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Amazon’s Creepy Twitter PR Army is Growing

Amazon now has dozens of apparent employees tweeting about how much they love the company. But even former employees are suspicious of the accounts.

by Edward Ongweso Jr and Joseph Cox
19 August 2019, 5:38am

Image: Horacio Villalobos/Corbis via Getty Images

On Wednesday, a horde of Amazon employees rushed to defend the honor of the world's richest man.

The employees—known as "FC ambassadors," for Amazon's Orwellian-sounding “fulfillment center” warehouses—flooded into the mentions of several Twitter users.

This isn’t the first time these accounts have attracted attention. Earlier this year, the accounts descended on Twitter with coordinated anti-union talking points. The FC Ambassador program made its debut last August and also seemed to coordinate talking points about how great it was to work at Amazon. The program backfired most recently after a Twitter thread of FC ambassadors went viral, with many people saying the tweets were dark or dystopian (others raised doubts about their legitimacy).

When TechCrunch first covered the Amazon FC Ambassador accounts in August 2018, there were around 14 accounts. That army has grown. This week, Motherboard found more than 40 FC Ambassador accounts on Twitter which appear to be genuine. Open source intelligence collective Bellingcat did their own investigation, and found close to 60 accounts.

The accounts are spread across the world, with users not just based in the U.S., but Spain, the UK, Germany, and elsewhere too.

It appears that the accounts rotate through different users. Some accounts have been active since the program launched in August 2018, while others seem to be cycled through more frequently. Other accounts are active for short periods of time before staying inactive for months.

This isn't suspicious in and of itself; Amazon said ambassadors fill the role on social media to "share their experiences of working in an FC.”

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The rotated accounts are concentrated in specific fulfillment centers and don’t delete past tweets, meaning you can trace some accounts as they’ve been handed off. One account has switched between three people at the Kent, Washington fulfillment center: Michelle, a tall white woman who enjoys gardening; Sarah, who loves art and wrote a haiku about the joys of Amazon employment; and Rafael, a Filipino man with a background in financial planning.

The vast majority of accounts posted tweets using a social media management tool called Sprinklr, Motherboard found. It appears that many of the FC Ambassador accounts are linked to an Amazon email address specifically created for handling part of the FC's social media presence. Using the password reset mechanism on Twitter, Motherboard found most of the Twitter account email addresses started with "fc" and ended up with a suffix that was likely amazon.com.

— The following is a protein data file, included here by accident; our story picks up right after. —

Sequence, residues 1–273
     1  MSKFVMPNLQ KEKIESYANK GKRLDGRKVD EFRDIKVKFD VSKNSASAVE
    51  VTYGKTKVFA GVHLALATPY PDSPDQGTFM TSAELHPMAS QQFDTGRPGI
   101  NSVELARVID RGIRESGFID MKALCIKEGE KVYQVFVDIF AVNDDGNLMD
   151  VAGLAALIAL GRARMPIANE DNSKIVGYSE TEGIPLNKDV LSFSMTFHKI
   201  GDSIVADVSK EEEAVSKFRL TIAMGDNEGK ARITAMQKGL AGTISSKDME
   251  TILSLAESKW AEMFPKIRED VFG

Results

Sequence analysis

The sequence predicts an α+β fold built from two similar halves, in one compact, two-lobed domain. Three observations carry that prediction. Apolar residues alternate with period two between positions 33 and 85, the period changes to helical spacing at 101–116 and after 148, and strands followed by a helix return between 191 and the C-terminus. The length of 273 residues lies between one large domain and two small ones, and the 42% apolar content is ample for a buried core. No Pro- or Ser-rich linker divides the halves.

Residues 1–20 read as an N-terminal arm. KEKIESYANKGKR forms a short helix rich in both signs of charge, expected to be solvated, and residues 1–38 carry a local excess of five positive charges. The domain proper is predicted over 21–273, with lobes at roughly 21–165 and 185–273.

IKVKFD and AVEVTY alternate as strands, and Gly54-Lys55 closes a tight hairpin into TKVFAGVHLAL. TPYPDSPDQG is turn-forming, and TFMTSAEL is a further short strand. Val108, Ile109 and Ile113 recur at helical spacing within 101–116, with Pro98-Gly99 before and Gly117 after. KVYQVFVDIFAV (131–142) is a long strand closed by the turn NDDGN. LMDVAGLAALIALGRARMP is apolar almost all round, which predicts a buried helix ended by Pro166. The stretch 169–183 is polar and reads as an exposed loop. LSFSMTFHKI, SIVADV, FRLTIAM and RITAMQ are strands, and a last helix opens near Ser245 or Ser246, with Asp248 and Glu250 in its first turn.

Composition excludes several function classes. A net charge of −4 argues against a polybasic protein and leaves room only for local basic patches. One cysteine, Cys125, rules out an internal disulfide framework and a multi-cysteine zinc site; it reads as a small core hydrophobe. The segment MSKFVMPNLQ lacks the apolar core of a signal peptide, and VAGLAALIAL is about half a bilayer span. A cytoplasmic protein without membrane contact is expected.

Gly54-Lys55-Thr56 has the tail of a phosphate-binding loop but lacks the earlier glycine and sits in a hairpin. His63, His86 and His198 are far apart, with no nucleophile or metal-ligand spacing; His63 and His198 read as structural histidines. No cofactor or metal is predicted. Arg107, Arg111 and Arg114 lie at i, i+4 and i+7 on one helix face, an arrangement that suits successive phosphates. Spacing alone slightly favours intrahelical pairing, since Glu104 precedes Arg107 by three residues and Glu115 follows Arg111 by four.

But even some former Amazon Ambassadors aren't convinced by the Amazon Twitter accounts.

"That account you linked to seemed suspiciously fake. Like they hired a PR person to work as an associate for a bit or something" one former ambassador, who didn't hold a social media role while working at the company, told Motherboard (not all ambassadors who work at the company are part of the social media campaign). Motherboard gave the source anonymity to talk more candidly about internal Amazon processes, and because he had signed a non-disclosure agreement with the company.

"You'd never expect to see a FedEx or UPS factory worker making posts about how great it is to work there."

In an email to Motherboard, Amazon said the accounts were controlled by full-time employees at Amazon that also work in the building. The former ambassador, however, told Motherboard, after reviewing one account in particular, that "the vest she [the ambassador] is wearing doesn't seem like an on floor ambassador vest. Most people wearing those vest colors were either off floor or from out of town."

The former ambassador also said that Amazon had posters that would encourage employees to post positive things on social media about working at Amazon, but he never knew of anyone that did or would want to.

"You'd never expect to see a FedEx or UPS factory worker making posts about how great it is to work there," he said.

All Amazon fulfillment centers have a four digit alphanumeric code that identifies them. Simply putting one of the FC Ambassador hubs as a hashtag, especially an overseas code (#BCN1, for example) will pull up a plethora of posts celebrating how great it is to work at Amazon (you’ll have to translate most of them from Spanish, however).

An Amazon spokesperson told Motherboard that FC ambassadors are "paid in the same manner as others in the building" but didn't specify if there was any difference in compensation beyond that.

As Joseph A. McCartin, a labor historian at Georgetown University, pointed out to the New York Times, this isn't a particularly new technique. A century ago, the Rockefellers used PR and labor consultants to “promote its image as a model employer, despite the fact its labor practices had set off strikes that led to [a] massacre.”

Today, Amazon has a lot to distract the public from: a massive surveillance program, a burgeoning monopoly, and hellish working conditions (to name a few). Given Amazon's $41 billion cash on hand, it’s surprising how threadbare and poorly thought out this effort seems to be. The effort, though, has quickly backfired on Amazon and focused criticism on some of those problems.

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This article originally appeared on VICE US.